But there was no way that little old box could have handled the whizz-bang excitement of internet. To be honest, Word For Windows was rather more than it could generally cope with, and that used to make it fizz in an unsettling manner sometimes.

Nowadays, universities have to develop increasingly cunning and complex systems to circumvent the problem of plagiarism, given how enormously easy it is to find answers, pre-written essays and what have you online; a simple global cheating resource in which an equally cunning student body may plunder and borrow in seconds merely by copying-and-pasting. It’d be quite embarrassing to fail a unit because you were guilty of digital plagiarism – but is that more or less embarrassing than failing on the grounds that you were crap, like in the good old days…?

It must seem ploddingly archaic to the students of today, the notion that people went through their entire university careers without handy internet access. Cables, phone lines, desktop PCs… how quaint. Today – and again, I’m aware that I sound like a ridiculous old man – students (and everybody else) have access to the entirety of mankind’s knowledge, everything that has ever been thought, pondered, postulated, argued, disproved, reworked, developed, patented, shared and enjoyed, on a quick and easy little device that fits right into the pocket. It’s changed the way we absorb and retain knowledge, forcing minds into specialisms and encouraging people to only learn about the things that they’re really interested in; why do you need rhymes to remember the planets or Henry VIII’s wives, why would you retain the difference between mitosis and meiosis, why learn how to wire a plug, why remember anything at all, when it can be Googled in seconds?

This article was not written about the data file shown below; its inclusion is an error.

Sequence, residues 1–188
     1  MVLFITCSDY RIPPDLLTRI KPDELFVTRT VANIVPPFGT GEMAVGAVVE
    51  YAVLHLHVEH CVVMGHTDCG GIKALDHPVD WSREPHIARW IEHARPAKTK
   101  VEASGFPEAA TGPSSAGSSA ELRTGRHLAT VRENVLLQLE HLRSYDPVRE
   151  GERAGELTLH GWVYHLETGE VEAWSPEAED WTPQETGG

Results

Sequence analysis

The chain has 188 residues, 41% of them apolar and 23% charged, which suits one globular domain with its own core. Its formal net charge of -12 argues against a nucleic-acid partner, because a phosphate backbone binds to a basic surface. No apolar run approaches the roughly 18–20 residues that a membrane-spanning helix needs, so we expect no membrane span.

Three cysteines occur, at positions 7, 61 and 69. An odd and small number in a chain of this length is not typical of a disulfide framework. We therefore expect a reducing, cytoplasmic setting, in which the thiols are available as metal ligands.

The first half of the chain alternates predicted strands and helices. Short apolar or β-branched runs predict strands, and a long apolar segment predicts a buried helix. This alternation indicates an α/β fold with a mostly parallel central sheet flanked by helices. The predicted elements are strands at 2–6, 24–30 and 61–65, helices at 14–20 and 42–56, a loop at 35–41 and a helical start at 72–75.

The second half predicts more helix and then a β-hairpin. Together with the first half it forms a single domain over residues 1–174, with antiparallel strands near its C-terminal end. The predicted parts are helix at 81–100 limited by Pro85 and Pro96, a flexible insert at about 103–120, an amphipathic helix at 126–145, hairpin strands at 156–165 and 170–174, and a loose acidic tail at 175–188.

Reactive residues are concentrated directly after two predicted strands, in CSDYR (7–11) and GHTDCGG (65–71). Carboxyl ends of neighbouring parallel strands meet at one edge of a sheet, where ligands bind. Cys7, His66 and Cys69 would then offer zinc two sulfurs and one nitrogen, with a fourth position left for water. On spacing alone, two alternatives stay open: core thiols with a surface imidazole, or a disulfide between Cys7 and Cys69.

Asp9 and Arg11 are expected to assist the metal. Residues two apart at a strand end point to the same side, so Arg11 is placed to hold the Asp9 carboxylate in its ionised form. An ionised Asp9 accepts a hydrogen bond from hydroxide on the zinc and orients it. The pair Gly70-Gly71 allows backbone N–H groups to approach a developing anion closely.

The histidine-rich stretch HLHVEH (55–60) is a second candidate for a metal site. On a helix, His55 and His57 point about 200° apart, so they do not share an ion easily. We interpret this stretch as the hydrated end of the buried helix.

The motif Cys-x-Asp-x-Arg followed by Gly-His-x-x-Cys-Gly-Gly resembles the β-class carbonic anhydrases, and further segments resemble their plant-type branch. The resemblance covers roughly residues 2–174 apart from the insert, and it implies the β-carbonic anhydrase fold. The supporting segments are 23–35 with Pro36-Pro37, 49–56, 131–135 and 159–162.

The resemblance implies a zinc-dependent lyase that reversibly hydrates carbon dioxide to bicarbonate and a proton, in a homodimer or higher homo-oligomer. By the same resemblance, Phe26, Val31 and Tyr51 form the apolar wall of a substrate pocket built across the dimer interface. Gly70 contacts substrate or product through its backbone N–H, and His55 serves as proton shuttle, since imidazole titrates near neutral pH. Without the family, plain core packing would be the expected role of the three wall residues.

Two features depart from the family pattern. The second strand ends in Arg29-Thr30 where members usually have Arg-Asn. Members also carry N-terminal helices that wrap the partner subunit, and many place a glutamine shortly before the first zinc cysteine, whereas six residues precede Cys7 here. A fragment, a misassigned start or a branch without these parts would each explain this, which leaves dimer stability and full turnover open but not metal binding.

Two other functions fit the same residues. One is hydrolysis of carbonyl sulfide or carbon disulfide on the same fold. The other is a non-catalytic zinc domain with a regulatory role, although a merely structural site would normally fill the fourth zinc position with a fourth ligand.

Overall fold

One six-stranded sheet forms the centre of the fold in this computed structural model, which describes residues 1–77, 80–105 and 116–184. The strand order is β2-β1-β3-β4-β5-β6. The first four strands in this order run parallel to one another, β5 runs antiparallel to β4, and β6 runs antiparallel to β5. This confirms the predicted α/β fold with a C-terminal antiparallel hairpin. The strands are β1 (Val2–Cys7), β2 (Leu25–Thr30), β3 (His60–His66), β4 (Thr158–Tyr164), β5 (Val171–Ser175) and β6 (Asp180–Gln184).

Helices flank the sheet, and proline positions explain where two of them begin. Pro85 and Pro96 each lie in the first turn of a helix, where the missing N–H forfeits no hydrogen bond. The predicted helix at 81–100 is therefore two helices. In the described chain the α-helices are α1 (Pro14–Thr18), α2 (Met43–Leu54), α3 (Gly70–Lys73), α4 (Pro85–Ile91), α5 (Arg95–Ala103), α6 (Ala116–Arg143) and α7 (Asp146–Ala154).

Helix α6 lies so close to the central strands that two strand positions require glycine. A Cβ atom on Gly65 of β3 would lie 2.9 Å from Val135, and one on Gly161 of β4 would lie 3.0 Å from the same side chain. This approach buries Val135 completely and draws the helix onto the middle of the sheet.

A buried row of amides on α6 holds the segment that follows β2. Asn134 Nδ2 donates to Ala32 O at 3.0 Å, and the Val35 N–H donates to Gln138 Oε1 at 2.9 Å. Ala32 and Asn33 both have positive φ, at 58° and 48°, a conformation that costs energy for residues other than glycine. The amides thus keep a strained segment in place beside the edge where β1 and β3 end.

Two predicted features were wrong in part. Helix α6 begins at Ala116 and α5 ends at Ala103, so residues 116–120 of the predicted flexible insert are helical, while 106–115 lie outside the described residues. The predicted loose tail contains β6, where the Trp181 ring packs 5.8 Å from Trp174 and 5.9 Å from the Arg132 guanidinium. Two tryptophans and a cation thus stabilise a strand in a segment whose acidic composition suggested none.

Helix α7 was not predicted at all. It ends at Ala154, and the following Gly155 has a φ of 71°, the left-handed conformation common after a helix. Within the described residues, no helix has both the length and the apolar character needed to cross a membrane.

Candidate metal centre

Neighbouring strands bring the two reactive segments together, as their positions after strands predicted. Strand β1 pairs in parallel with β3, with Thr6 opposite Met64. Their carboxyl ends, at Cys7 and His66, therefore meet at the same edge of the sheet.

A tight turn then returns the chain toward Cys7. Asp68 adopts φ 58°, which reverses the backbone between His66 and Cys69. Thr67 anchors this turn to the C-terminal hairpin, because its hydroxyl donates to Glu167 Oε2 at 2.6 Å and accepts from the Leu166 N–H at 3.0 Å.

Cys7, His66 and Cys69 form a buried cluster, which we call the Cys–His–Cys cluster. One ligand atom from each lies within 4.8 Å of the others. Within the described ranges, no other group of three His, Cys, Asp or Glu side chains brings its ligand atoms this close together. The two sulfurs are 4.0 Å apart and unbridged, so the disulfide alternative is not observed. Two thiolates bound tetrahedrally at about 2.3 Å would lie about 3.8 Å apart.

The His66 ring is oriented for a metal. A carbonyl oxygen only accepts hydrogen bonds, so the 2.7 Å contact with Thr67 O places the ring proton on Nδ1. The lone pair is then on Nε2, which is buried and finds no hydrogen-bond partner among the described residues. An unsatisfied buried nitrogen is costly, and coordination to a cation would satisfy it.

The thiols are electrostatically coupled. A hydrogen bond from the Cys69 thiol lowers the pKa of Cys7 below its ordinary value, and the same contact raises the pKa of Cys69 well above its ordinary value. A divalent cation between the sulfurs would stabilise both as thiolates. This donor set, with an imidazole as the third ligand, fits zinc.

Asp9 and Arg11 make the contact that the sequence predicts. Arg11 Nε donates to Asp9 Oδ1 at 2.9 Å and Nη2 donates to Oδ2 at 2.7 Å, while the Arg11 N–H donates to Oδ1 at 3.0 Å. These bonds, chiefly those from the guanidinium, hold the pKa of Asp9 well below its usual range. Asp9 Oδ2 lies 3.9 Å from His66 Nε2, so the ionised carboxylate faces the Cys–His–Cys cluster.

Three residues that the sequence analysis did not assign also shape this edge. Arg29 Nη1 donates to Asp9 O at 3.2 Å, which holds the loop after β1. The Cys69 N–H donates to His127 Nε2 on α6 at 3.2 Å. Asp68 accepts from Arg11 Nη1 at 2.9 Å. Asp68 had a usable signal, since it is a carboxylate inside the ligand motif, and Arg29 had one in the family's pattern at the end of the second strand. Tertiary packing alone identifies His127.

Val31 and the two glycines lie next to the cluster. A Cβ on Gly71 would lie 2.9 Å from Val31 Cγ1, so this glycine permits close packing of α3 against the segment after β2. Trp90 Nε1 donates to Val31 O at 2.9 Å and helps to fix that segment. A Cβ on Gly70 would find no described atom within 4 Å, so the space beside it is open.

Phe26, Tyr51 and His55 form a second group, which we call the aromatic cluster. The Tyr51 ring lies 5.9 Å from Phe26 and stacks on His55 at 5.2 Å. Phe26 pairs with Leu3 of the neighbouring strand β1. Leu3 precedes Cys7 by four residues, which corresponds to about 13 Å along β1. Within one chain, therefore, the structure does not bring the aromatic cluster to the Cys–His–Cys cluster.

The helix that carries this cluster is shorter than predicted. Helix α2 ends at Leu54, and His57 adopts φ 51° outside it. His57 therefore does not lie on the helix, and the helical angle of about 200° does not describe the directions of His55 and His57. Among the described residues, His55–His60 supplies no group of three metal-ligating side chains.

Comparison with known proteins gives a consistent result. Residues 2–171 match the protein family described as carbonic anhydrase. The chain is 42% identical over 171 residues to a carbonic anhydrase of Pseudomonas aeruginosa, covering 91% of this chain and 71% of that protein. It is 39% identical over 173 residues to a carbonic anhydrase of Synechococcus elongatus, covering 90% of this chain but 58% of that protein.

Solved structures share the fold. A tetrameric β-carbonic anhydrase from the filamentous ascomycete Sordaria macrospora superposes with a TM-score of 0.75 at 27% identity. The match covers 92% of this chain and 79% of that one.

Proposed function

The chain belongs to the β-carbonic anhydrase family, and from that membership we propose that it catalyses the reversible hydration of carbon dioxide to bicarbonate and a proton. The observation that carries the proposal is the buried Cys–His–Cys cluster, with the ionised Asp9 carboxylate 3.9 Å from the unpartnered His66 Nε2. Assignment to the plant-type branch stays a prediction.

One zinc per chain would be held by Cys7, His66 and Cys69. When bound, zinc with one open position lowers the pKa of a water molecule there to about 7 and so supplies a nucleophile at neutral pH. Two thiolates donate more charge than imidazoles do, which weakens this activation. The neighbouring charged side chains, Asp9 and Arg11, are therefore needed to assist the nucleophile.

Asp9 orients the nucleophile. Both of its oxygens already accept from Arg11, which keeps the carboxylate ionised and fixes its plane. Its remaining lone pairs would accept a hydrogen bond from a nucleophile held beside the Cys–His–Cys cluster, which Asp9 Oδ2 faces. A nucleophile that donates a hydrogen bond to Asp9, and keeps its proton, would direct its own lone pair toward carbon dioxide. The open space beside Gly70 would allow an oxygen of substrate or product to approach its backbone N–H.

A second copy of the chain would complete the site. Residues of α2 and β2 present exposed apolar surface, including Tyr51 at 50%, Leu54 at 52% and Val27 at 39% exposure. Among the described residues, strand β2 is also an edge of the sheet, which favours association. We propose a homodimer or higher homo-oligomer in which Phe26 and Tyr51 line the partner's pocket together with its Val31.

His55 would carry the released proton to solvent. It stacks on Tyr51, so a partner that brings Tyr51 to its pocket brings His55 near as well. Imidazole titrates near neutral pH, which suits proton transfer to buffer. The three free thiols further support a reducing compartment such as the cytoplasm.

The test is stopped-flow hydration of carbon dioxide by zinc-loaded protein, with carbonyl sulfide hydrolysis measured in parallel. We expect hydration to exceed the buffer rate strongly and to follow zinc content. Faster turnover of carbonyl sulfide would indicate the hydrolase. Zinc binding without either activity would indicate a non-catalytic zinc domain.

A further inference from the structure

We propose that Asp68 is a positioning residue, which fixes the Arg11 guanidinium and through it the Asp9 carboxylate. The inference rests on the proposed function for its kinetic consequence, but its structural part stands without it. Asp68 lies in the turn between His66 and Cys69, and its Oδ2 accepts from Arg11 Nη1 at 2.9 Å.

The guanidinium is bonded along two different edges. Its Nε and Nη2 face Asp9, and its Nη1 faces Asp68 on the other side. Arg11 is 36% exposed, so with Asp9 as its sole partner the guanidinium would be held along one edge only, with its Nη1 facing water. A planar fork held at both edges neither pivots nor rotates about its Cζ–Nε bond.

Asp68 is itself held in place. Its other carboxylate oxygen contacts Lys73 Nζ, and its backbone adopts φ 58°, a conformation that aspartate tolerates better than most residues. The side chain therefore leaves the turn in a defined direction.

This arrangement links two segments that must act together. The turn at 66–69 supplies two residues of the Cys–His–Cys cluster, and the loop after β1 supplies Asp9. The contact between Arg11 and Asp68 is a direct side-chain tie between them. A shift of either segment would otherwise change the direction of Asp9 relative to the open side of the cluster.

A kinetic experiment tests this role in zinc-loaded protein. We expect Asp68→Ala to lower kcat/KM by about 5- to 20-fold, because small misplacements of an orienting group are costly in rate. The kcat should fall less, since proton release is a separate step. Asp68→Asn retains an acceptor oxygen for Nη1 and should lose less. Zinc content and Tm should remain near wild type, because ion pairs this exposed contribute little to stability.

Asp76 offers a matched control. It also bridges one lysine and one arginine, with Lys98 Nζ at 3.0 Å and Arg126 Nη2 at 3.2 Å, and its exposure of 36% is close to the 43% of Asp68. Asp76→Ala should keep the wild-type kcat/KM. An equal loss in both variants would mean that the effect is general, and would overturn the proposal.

We never had this kind of luxury when I was a student – you had to learn things, because things had to be learned; it’d be a bugger to go and find out for yourself, so it was far easier to remember stuff.
Not that I did remember much, of course, I was in the pub most of the time. But, y’know, in theory…